Research and discussion for citizens and decision makers

Mayor Sylvester Turner

State of Mobility

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While continued growth is vital to Houston, we need to think about how to leverage this growth to create a healthy, durable region. Smart strategic decisions about mobility will be key to leveraging the growth to our advantage.

That’s because mobility decisions of our public agencies – including many of the organizations and people here today – will shape our growth patterns. Land development significantly follows our transportation investments.

For example, we are already seeing tremendous development activity along the recently completed sections of the Grand Parkway. A recent Harris County study estimates that by 2050, the Houston population in northwest Houston in the vicinity of US290 and the Grand Parkway will increase by over 1 million people with over 100,000 acres of land to be developed in the area. This and other examples of similar patterns in the region have demonstrated how transportation investments like our freeways influence the market and drive location decisions of our residents and businesses.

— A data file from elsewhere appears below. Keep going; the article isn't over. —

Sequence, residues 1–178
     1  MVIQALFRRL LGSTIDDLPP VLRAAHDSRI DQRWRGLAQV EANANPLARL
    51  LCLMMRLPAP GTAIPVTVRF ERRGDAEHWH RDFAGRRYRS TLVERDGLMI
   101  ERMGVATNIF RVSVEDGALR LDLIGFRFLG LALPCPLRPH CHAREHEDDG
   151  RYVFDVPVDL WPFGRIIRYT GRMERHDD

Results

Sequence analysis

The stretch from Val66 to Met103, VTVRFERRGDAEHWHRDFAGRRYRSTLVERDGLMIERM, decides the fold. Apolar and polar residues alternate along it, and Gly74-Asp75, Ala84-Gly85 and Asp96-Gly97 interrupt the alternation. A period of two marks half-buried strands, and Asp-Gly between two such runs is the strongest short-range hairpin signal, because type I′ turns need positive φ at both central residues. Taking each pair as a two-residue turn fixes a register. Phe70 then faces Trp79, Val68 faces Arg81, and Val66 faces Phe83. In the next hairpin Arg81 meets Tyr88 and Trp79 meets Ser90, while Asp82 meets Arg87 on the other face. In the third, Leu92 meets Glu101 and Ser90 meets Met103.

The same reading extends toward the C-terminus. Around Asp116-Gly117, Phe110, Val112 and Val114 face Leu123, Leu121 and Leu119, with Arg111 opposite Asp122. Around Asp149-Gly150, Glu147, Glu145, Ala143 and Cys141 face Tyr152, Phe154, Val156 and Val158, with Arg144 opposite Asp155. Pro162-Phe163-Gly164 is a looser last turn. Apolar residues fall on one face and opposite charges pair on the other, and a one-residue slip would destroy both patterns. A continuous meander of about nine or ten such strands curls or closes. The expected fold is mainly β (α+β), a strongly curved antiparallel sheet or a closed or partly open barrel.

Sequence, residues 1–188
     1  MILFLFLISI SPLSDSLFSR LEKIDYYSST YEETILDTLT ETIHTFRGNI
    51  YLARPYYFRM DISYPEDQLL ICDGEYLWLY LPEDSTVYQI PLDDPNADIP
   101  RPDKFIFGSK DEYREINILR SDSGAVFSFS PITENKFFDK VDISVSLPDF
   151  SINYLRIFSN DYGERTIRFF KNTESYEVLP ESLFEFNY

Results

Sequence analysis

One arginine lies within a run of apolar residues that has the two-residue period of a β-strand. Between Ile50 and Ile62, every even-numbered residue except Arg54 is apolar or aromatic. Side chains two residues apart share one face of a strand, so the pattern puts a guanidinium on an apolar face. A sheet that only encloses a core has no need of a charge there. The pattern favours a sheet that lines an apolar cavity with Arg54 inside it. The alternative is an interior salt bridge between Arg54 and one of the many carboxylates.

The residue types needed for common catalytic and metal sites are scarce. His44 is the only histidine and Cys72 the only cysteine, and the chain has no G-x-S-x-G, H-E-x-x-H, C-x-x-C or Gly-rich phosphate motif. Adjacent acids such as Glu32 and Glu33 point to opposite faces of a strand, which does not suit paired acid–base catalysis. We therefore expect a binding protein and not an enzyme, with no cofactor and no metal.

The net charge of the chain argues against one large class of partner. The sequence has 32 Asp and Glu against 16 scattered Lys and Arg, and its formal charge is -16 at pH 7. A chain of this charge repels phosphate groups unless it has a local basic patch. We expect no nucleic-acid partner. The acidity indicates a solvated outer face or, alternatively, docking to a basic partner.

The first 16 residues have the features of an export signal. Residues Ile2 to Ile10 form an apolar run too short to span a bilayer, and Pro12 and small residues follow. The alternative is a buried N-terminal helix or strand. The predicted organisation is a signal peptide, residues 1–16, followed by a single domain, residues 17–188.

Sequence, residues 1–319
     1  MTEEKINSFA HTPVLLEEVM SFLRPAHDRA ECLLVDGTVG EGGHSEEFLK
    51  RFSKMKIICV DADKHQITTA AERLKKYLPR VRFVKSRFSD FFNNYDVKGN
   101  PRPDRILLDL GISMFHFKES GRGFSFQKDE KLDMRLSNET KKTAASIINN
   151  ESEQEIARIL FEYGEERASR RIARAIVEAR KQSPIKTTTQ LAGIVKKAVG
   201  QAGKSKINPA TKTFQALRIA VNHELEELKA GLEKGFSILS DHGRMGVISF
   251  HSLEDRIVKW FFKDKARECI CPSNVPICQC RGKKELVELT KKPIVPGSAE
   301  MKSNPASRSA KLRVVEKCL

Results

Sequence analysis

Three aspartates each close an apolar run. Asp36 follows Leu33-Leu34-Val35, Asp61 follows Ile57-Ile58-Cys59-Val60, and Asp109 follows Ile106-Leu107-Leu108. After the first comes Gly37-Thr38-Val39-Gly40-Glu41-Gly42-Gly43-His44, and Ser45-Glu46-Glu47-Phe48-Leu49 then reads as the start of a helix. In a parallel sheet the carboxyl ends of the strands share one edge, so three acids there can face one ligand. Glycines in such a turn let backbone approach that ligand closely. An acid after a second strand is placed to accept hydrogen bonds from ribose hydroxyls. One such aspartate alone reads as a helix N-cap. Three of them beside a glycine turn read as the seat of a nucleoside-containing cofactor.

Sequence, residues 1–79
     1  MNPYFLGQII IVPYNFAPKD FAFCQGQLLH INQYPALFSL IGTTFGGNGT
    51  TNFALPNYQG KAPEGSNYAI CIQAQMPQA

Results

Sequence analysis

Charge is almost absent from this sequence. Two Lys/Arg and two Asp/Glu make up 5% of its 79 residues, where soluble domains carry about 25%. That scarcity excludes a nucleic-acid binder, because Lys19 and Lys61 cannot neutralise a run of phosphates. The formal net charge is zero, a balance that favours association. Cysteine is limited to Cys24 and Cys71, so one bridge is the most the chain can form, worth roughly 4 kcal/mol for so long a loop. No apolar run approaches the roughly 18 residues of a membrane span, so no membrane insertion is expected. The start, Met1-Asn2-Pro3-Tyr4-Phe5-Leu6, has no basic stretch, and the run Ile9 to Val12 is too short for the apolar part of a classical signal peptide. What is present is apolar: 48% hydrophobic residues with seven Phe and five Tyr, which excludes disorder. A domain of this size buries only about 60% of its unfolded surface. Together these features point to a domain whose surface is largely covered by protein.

And these growth patterns, and the mobility investments that drive them, will impact not just our mobility needs – but many other goals as well. That’s why we can’t simply think of our mobility decisions narrowly, in terms of congestion relief alone.

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Strategy 1: We must encourage well-connected urban centers/Transit Oriented Development
The first strategy is to encourage well-connected, denser urban centers.

We are already a region of multiple urban centers. Some are inside our City, such as our downtown, The Medical Center, the Westchase District; others are throughout the region, such as Sugar Land or the Woodlands, or Katy or Baytown.

We should also build on this model and create well-connected transit oriented development throughout the region. Having denser places with a mix of nearby uses means that you can live, work and play in proximity to this area. When you add the right mix of infrastructure and design, this means more people will be able to walk or bike, or ride transit for many of their travel needs.

The density and mix of users fosters economic activity while reducing the need to get into a car for every trip, minimizing congestion. This approach also creates an opportunity for vibrant public spaces that are important for the region to be attractive and internationally competitive.

From a regional perspective, we can then connect the centers together with strong multi-modal investments, especially transit, further reducing vehicle trips in the region.

Full Story: State of Mobility Speech
Source: City of Houston Mayor’s Office, May 17, 2016

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